One of the few truly gothic albums
A. J. Griffin | 07/18/2008
(5 out of 5 stars)
"Not counting Christian Death and Death in June (or Diamanda Galas, for that matter), this album is one of the few truly "gothic" albums to be realeased in the late 70s/early 80s. I would disagree with an earlier review that "The Crypt" is a throw-away song. In fact, it's one of the stand-outs on the album, mixing a heavy, menacing bass with an ambient sound accentuated by piano. It makes its point, truly gothic.
For those who had this album on LP, know that the CD provides a few extra tracks, can't remember which, but they're good, maybe four of them. This CD is only fairly recently available on US domestic issue. To let you know - the live (guess they might be BBC?) tracks are not so great, I always used to skip over them and truth be known those tracks are why I don't listen to the album so much.
But if you're into ealry-80s and late 70s English New Wave, you absolutely must own this record. It's one of a kind, and with its successor, Death Cult's "Ghost Dance", provides a great idiosyncratic duo that can't be beat.
Catch the Native American references also."
Classic Goth Rock album
Matt | Beyond the Tanarian Hills... Pennsylvania. | 04/17/2007
(5 out of 5 stars)
"What can be said about the Southern Death Cult? Only that they helped lay the way for the goth and deathrock bands to come. This album is a compilation of their recorded material over the short lifespan that they held. Its full of raw goth punk heart as well as dark and political lyrics. This album is a favorite of mine because I can listen to the whole thing without skipping songs, though I do favor a few over the rest:
The Girl - Pounding tom drums and a springing, growling bass line make this track a stand out for me. Its almost reminicent of New Orleans even though I've never been there. My favorite.
The Crypt - Morbid and still full of energy, this song should be on the gothic compilations. The piano addition to this song gives it that eerie graveyard feel. Ians wild laughs and yelps sure help as well.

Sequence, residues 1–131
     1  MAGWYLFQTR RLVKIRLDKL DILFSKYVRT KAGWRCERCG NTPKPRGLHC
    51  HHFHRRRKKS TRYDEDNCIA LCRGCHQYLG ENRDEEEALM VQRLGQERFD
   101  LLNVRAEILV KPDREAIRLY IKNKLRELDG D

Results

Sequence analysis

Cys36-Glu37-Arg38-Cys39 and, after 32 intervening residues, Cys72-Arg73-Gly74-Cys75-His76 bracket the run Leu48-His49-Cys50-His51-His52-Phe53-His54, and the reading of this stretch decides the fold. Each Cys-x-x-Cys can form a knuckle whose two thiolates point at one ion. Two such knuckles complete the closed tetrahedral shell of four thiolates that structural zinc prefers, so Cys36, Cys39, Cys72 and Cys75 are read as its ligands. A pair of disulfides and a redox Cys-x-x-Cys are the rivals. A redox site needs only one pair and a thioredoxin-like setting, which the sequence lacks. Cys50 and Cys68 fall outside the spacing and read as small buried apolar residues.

Vivisection [live] - If a crowd of goths and deathrockers were to ever start a circle pit, it would be to this song. Pure unrestrained goth punk with a slight surf rock feel. Cliff-hanger dragouts between verse and chorus lines will keep you energized.
I recomend this album to anyone who has heard their name, but has procrastinated in buying the album. Thats what I did and I felt bad for doing so. Any fan of goth or deathrock will find something to love in the Southern Death Cult."
Shades of things to come.
Michael Stack | North Chelmsford, MA USA | 04/10/2006
(2 out of 5 stars)
"The Southern Death Cult was one of the old British post-punk/goth bands of the late '70s and early '80s, these days best remembered for being the launching pad for the Cult. And honestly, that's probably the way they're best remembered.
The band was a quartet led by vocalist Ian Astbury. Even at this early stage, Astbury's aggressive and powerful vocals were quite apparent, he dominates every moment he's at the microphone, but unlike the Cult with Billy Duffy's guitar to offer foil for Astbury, there's nothing in the Southern Death Cult to match him. Instead, Astbury sits on top of a background reminiscent of early work by the Cure and Joy Division. The band's total released output was one 12" single, this is presented along with some radio sessions, a few live tracks and some unreleased studio material.
Taking on the 12" first-- the three tracks all feature pretty much the same pattern, goth-styled cleantone guitars are the order of the day, with Astbury's undeniable presence on top of it all. But at its best, the music is somewhat dull even if Astbury is inspired ("The Fatman") and at its worse, Astbury seems unsure of himself and doesn't really know where to go (the other two tracks).
The two radio show pieces are pretty much more of the same-- ranging between dull goth ("Flowers in the Forest") or totally lacking whenever Astbury doesn't sing ("All Glory"). The exception is "Apache", which is somewhat more driven and excitable and while musically it doesn't rise much above the band's cleantone-guitar-goth formula, it's among the better of the pieces in that sound and Astbury's vocal is superb (it also points towards the future). The additional studio sessions are a bit of a mixed bag-- "The Crypt" is a total disaster-- a bizarre shouted backing vocal totally mangles the piece, but both "Moya" and the other recording of "The Fatman" are vast improvements-- setting up atmosphere and mood far better then anything else on the record does, but Astbury's vocals, while definitely the highlight of the pieces, still lack confidence.
In direct opposition to all of this is the three live tracks-- they've got a more punk edge to them, overdriven, feedback soaked guitars dominate the pieces (well, as much as any guitar performance dominates these tracks) and Astbury seems to feed off the live energy, his trademark shouts and quips find their way in ("Faith").
Invariably, it's really more a curiosity than anything else-- the performances aren't horrible, it's all just a bit boring compared to both what would rise from the band's ashes and its contemporaries."